The most underrated melody on the album might be the ironic (and ironically gorgeous) tribute to a “Sweet Painted Lady.” Del Newman added woozy brass and atmospheric accordion to Taupin’s song from the POV of a sailor on shore leave, reflecting on the lady of the night “getting paid for being laid”: “Many have used her and many still do/There’s a place in the world for a woman like you…” It’s oddly romantic – and utterly compelling. Taupin and John are less charitable with their portrayal of a “Dirty Little Girl,” and in fact, it’s one of Elton’s most mean-spirited tracks. The saga of the unfortunate ladies of Goodbye Yellow Brick Road reaches its apex with the aggressively-rocking “All the Young Girls Love Alice.” Kiki Dee adds background vocals to the sad story of Alice, who takes her turn servicing the local girls before meeting her untimely demise in the subway.

Danny Bailey and Alice are just two of the memorable characters who populate GYBR. Elton is cast as a real reprobate in “Social Disease,” which like the novelty-esque “Jamaica Jerk-Off” is in a jokey vein. But “Social Disease” shines thanks to its offbeat instrumentation like Johnstone’s banjo and Leroy Gomez’s saxophone. “Grey Seal,” a muscular overhaul of an earlier single, has perhaps Taupin’s most impressionistic lyrics on the LP – “just images,” he once confirmed. But John set it to an exciting, exuberant rock melody. Even more pulse-pounding is the frenetic “Your Sister Can’t Twist (But She Can Rock ‘n’ Roll),” which is like “Crocodile Rock” on uppers! “This Song Has No Title” is a minor yet appealing reflection on art and the creative process; John plays all of the instruments on this track.

Goodbye Yellow Brick Road ends with a song as modest as “Funeral for a Friend/Love Lies Bleeding” is magnificent. The lovely “Harmony” contrasts acerbic verses with soaring choruses. The brief, under three-minute song encapsulates the sophisticated musicianship, impeccable songcraft, and anything-goes sense of musical abandon that permeates the entire album. Its seventeen tracks nod at the past and nostalgia for it, but transform those tropes with cleverness, keen observation and good old rock-and-roll. GYBR spent ten weeks at No. 1 in the United States, and pundits might be forgiven for having figured there was nowhere to go but down for Elton John. In fact, his next three albums also made it to No. 1. Forty years later, 2013’s back-to-basics The Diving Board was a No. 4 entry on the Billboard 200 for Messrs. John and Taupin. Harmony and Elton John – they’re pretty good company, indeed.

Coming soon: Mike continues our celebration of Goodbye Yellow Brick Road at 40 with a closer look at the newly-released reissues!

To order:

1CD 2014 remaster by Bob Ludwig at Gateway Mastering: Amazon U.S. / Amazon U.K.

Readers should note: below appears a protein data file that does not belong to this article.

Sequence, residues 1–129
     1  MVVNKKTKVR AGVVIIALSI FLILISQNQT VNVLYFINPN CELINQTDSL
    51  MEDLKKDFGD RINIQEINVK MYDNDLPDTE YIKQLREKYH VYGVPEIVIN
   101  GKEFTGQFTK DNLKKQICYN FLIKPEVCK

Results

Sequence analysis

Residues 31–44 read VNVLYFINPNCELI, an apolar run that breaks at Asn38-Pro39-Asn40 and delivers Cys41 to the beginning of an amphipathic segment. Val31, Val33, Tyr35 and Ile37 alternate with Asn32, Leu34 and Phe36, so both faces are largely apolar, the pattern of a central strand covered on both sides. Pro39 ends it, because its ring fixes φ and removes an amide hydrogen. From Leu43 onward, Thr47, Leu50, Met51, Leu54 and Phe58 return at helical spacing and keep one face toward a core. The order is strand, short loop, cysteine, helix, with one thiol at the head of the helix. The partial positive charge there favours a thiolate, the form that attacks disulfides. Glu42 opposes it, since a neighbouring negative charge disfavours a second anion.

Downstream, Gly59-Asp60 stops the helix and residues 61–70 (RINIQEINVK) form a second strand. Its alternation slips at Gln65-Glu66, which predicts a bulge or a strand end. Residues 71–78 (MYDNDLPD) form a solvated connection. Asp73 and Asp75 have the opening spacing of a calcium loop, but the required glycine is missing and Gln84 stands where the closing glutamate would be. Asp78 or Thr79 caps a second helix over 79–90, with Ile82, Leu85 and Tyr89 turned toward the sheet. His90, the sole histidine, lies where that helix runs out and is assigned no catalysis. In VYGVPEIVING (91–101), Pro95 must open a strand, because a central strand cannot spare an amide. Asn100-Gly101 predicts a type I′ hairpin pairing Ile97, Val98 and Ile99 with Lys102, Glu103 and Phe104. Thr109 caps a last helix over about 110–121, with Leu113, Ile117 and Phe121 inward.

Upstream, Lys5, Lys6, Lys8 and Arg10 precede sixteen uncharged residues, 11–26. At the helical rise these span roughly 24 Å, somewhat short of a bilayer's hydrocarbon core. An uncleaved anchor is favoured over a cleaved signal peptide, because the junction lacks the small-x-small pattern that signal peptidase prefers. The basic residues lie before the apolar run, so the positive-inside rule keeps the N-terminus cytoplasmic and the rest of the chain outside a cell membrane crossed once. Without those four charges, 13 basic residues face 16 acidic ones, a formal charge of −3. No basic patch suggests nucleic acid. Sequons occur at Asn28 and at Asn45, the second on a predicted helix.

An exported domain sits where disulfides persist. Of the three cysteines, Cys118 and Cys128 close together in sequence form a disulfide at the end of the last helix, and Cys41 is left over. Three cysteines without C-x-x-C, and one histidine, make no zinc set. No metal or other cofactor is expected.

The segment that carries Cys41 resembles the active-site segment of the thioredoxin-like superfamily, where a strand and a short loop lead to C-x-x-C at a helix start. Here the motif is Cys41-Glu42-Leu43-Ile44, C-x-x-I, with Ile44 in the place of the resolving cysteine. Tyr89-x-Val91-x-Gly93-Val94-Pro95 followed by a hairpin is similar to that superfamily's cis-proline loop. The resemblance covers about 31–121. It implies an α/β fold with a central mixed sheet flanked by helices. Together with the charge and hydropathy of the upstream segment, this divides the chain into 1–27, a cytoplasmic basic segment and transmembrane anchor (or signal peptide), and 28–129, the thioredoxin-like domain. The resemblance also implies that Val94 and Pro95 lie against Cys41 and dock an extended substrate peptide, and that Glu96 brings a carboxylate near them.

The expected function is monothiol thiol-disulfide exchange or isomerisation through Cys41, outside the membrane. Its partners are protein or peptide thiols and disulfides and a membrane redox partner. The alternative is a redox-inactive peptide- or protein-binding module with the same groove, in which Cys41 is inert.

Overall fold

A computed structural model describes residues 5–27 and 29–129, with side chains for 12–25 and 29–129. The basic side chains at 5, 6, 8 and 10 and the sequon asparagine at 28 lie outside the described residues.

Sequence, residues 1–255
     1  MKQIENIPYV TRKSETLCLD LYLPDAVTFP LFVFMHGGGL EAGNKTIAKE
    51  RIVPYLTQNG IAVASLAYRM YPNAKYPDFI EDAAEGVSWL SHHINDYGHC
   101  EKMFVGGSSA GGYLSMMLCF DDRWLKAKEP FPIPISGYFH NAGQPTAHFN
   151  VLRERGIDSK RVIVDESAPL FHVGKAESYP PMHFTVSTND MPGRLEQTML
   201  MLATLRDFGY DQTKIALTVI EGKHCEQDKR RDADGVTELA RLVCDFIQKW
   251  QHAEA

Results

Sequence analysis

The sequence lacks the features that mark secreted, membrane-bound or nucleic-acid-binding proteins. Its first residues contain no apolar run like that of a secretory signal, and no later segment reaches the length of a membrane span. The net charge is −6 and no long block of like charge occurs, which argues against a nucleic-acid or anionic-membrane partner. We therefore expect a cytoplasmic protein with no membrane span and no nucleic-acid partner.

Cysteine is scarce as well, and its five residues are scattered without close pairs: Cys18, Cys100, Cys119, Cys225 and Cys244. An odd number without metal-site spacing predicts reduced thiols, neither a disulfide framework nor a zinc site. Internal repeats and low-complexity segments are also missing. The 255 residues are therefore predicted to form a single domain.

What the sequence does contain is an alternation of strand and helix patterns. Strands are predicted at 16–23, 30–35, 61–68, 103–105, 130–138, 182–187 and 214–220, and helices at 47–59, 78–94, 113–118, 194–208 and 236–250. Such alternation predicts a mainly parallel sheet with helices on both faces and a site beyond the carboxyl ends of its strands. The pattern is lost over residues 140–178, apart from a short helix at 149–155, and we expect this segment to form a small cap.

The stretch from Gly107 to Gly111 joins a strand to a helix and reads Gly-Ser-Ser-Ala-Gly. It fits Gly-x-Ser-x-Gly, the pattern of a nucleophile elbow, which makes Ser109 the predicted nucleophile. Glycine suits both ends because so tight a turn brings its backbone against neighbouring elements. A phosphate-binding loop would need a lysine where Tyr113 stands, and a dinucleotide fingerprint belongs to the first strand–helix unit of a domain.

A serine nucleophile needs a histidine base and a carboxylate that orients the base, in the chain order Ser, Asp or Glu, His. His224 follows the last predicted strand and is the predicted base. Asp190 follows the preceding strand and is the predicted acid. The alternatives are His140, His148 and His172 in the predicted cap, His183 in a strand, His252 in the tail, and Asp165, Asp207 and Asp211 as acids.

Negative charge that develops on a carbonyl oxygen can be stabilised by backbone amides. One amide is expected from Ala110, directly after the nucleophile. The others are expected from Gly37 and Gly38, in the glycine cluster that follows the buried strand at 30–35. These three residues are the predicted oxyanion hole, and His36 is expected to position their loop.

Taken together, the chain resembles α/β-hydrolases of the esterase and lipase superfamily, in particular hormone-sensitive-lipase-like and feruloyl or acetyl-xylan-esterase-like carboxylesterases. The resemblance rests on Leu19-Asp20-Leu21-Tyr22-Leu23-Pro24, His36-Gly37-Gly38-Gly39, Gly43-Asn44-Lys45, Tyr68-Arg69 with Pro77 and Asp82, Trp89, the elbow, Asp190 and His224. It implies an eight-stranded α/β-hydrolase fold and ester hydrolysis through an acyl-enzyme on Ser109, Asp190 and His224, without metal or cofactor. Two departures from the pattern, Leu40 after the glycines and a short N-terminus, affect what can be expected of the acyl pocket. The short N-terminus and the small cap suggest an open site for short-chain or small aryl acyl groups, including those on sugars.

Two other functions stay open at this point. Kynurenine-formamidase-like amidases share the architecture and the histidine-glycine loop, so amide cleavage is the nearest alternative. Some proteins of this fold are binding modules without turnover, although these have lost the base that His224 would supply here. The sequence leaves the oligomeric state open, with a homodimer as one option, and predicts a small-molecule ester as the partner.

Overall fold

1BD HD Pure Audio Blu-Ray: Amazon U.S. / Amazon U.K.
2LP 180-gram vinyl reissue – mastered by Doug Sax and Robert Hadley at The Mastering Lab, California: Amazon U.S. / Amazon U.K.
2CD 40th anniversary deluxe edition: Amazon U.S. / Amazon U.K.
4CD/1DVD Super Deluxe Box Set: Amazon U.S. / Amazon U.K.

Written by Joe Marchese

March 25, 2014 at 10:19

Posted in Elton John, Reissues, Reviews

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6 Responses

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  1. Goodbye Yellow Brick Road is Elton’s finest album and one of the greatest albums of all time. A true classic from first note to last.

    Ernie

    March 25, 2014 at 11:52

  2. Vinyl reissue was originally advertised as a yellow vinyl pressing , now suddenly doesn’t , and my preorder has turned up in plain black vinyl , great album , but not as advertised , as I now have two copies in plain old black vinyl , original issue and the new one , and the cd!

    Gavaxeman

    March 25, 2014 at 14:03

  3. Far too pricey for the 4-disc set, and I have absolutely zero interest in the cover versions from a bunch of bland, contemporary artists. I read Elton picked the artists himself, but someone needed to tell him that was a bad idea.

    A hip-hop “Bennie and the Jets”? No thanks. The covers are not a selling point. For me, at least, it’s a complete turn-off. Zac Brown doing “Harmony” *might* be interesting, but I still have no interest in buying it.

    So it is that to get the full Hammersmith concert one has to buy the expensive four-disc set. Maybe at some point the Hammersmith show will get released on its own? Doubtful, but I’ll hold out for that anyhow.

    Shaun

    March 30, 2014 at 10:38

    • Shaun, I’m with you all the way around. The lineup of the “tribute” disc sounds BORING and a slap in the face to this al-time rock classic. hey, Second Disc, let us know when the Hammersmith concert is available as a stand alone. Thanks.

      Sean Anglum

      April 3, 2014 at 12:01